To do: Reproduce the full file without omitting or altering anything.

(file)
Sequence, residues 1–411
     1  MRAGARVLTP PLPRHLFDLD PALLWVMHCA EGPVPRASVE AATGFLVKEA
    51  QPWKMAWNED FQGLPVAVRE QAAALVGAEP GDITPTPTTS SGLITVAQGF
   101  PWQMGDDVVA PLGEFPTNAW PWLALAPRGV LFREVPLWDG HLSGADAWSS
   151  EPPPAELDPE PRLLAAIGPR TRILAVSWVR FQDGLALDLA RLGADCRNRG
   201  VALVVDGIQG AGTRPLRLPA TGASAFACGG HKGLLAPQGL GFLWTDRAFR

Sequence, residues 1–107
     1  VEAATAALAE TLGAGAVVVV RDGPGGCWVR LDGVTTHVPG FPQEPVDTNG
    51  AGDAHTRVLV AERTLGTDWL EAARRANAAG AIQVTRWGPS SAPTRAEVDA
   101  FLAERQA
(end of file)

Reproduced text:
Sequence, residues 1–411
     1  MRAGARVLTP PLPRHLFDLD PALLWVMHCA EGPVPRASVE AATGFLVKEA
    51  QPWKMAWNED FQGLPVAVRE QAAALVGAEP GDITPTPTTS SGLITVAQGF
   101  PWQMGDDVVA PLGEFPTNAW PWLALAPRGV LFREVPLWDG HLSGADAWSS
   151  EPPPAELDPE PRLLAAIGPR TRILAVSWVR FQDGLALDLA RLGADCRNRG
   201  VALVVDGIQG AGTRPLRLPA TGASAFACGG HKGLLAPQGL GFLWTDRAFR

Sequence, residues 1–107
     1  VEAATAALAE TLGAGAVVVV RDGPGGCWVR LDGVTTHVPG FPQEPVDTNG
    51  AGDAHTRVLV AERTLGTDWL EAARRANAAG AIQVTRWGPS SAPTRAEVDA
   101  FLAERQA